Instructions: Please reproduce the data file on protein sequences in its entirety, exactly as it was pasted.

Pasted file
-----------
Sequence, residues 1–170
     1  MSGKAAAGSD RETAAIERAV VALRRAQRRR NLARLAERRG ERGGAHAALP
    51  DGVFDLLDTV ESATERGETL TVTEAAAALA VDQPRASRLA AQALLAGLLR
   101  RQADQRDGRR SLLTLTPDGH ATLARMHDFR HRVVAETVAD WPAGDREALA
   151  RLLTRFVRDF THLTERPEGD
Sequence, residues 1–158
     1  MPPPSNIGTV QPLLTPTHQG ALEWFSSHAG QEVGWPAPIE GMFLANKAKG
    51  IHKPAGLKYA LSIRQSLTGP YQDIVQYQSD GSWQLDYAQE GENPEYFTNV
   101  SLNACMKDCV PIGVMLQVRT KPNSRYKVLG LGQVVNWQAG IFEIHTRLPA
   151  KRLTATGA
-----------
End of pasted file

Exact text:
Sequence, residues 1–170
     1  MSGKAAAGSD RETAAIERAV VALRRAQRRR NLARLAERRG ERGGAHAALP
    51  DGVFDLLDTV ESATERGETL TVTEAAAALA VDQPRASRLA AQALLAGLLR
   101  RQADQRDGRR SLLTLTPDGH ATLARMHDFR HRVVAETVAD WPAGDREALA
   151  RLLTRFVRDF THLTERPEGD
Sequence, residues 1–158
     1  MPPPSNIGTV QPLLTPTHQG ALEWFSSHAG QEVGWPAPIE GMFLANKAKG
    51  IHKPAGLKYA LSIRQSLTGP YQDIVQYQSD GSWQLDYAQE GENPEYFTNV
   101  SLNACMKDCV PIGVMLQVRT KPNSRYKVLG LGQVVNWQAG IFEIHTRLPA
   151  KRLTATGA